Honestly, when we look at all of the amazing benefits, the challenges seem more manageable but also totally worth it!  Professional development for our teachers?  Of course!  Pile it on!  We want to make sure our teams are ready, knowledgeable, and excited about working with children for the first three years.  Seems like a pretty smart investment.

Now let's see what our friend at licensing says... I'm hoping for good news.

Thursday, May 9, 2013

A dance with licensing

The center I work with is licensed by DCFS and we meet and exceed the regulations.  I have a phenomenal relationship with our licensing representative who I work with very closely when brainstorming changes.  That being said, today I sent an email that may or may not have stressed that relationship.

The more time I spend in this field, the more I recognize the presence of those who quote standards and regulations that are within their comfort zones, not necessarily what's considered best practice or developmentally appropriate.  Some things still make people uncomfortable.  As an advocate for tiny humans and their families, I'm an avid reader and researcher.  I've invested many hours reading materials about attachment and primary care-giving   I strongly believe in mixed-age groupings where the teachers have the professional development and knowledge to support children over the span of their first three years of life.

I have three classrooms in my very small, close-knit center and I'd really like to change our program model from only birth to three to include a preschool classroom.  Ideally, our two remaining birth to three classrooms would be birth to three.  I want children to come into the center and stay with their primary caregivers until they transition to preschool and stay with that preschool group until transitioning to kindergarten.  Dreamy, right?  So glad we agree.

I had a conversation with my licensing representative and she shared that I cannot mix infants, toddlers, and two-year-olds in the same classroom because it's not safe.  "Just think about how big some of your two-year-olds are and then imagine them with infants."  I did.  I pictured it.  And it made perfect sense to me that they be together.  Families do not consist of children all the same age, unless you've been blessed with multiples.  We don't keep children from younger siblings or cousins.  Granted, teachers will require a bit more support with helping children to respect those younger children and planning for such a vast age grouping can be tricky.  But that's why we have an Infant Toddler Specialist.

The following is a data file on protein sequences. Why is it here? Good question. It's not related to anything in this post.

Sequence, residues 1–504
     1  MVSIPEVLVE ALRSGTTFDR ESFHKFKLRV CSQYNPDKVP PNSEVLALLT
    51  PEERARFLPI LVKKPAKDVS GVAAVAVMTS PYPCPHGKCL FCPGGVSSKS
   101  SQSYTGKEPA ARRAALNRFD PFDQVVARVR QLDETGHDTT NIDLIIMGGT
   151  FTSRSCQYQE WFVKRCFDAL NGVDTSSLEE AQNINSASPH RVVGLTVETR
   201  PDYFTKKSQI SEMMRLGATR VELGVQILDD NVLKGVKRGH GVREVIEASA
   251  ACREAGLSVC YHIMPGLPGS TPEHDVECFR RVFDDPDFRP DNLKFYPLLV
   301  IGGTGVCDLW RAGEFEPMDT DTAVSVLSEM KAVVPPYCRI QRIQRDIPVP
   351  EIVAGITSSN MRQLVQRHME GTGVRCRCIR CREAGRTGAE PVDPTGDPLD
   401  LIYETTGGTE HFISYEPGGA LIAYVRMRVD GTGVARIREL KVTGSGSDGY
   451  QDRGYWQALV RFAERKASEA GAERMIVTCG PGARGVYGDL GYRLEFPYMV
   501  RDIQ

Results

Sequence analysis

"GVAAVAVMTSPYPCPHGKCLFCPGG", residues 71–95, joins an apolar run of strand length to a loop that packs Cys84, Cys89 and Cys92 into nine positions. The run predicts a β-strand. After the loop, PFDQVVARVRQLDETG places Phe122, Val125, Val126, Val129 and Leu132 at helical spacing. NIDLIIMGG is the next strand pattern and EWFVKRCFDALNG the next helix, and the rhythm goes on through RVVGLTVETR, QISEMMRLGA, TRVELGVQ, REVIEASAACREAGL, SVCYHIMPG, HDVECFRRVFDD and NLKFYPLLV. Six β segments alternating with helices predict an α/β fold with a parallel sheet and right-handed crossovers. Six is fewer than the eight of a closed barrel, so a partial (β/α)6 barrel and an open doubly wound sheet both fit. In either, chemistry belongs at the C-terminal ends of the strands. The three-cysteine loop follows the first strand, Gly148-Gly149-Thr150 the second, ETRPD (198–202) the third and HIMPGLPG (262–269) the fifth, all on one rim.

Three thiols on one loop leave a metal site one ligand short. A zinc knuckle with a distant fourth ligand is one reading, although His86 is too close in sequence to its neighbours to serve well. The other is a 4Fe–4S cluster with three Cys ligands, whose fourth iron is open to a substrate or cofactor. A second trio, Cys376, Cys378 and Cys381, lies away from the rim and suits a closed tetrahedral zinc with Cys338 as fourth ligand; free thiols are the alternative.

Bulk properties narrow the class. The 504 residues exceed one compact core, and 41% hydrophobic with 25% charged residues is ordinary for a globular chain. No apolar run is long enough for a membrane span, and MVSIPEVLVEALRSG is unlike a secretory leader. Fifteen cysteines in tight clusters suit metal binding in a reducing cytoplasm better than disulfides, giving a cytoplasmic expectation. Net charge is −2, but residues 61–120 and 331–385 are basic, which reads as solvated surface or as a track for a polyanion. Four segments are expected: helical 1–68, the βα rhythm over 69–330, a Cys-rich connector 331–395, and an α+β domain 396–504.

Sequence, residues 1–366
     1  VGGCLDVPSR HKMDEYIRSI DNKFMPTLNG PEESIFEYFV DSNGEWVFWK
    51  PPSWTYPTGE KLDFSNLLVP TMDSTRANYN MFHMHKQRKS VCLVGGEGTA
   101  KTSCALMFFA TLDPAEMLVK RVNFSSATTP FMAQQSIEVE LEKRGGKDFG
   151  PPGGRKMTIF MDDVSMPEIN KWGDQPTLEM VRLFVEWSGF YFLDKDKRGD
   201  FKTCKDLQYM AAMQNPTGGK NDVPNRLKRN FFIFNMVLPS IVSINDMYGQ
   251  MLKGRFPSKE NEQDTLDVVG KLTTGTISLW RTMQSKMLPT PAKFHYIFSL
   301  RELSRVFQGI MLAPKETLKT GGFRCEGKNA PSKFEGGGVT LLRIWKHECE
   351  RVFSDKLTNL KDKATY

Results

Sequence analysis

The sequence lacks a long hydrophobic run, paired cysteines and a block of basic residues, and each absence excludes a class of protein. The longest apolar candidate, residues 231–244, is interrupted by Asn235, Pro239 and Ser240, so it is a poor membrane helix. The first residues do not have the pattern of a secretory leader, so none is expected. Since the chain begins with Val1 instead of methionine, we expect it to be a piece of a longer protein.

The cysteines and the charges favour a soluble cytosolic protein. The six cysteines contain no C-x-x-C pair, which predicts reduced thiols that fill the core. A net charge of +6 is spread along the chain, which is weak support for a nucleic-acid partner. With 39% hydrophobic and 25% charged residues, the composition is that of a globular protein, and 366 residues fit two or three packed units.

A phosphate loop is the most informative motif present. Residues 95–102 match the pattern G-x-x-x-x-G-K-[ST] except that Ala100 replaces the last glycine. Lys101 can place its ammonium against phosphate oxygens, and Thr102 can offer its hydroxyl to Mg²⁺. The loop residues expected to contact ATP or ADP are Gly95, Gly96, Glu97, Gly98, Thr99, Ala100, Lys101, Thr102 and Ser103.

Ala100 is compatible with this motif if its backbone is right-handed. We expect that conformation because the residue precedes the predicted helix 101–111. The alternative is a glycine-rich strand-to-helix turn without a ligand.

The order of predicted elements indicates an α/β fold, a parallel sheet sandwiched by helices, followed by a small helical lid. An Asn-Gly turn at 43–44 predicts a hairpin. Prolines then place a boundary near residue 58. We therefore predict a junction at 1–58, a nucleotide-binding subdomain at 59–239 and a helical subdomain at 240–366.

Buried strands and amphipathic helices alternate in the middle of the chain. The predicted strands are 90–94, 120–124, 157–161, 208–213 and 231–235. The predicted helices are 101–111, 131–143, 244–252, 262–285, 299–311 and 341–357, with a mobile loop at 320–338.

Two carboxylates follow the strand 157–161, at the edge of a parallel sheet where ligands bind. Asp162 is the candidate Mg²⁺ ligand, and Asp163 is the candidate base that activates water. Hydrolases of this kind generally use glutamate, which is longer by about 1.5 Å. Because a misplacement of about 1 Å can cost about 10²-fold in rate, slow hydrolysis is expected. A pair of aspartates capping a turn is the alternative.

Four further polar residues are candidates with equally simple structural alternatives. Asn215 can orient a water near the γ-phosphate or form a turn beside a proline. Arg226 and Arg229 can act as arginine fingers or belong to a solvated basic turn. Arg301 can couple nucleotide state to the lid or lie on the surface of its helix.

Imagine my surprise while reading the standards for child care (dude, I read everything) and finding the following:

"Children may be combined in any of the following ways:
                    1)      infants, toddlers, and two-year-olds may be combined; and/or
                    2)      Two-year-old children through five-year-old children may be mixed in any combination; and/or
                    3)      Four-year-old through six-year-old children may be mixed; and/or
                    4)      Children of all ages may be mixed during the first hour and last hour of programs that operate
                           10 or more hours per day.” 

I'm not one to fight with those who have the power to shut down my program so I sent a sweet-as-pie email asking for more clarification about this section of the standards and whether this meant that I could indeed group them together as I had hoped.  Response is pending.

So I suppose the main point of my presentation here is that if it's permissible by the standards, I'm doing it.  I'm moving forward and blazing some kind of trail because it's what's best for our children.  I want to eliminate transition as much as possible and create a solid foundation for our children and families.  Sure, it means I'll be spending copious amounts of time offering professional development and technical assistance to teachers, but THAT'S MY JOB anyway.

C'est la vie!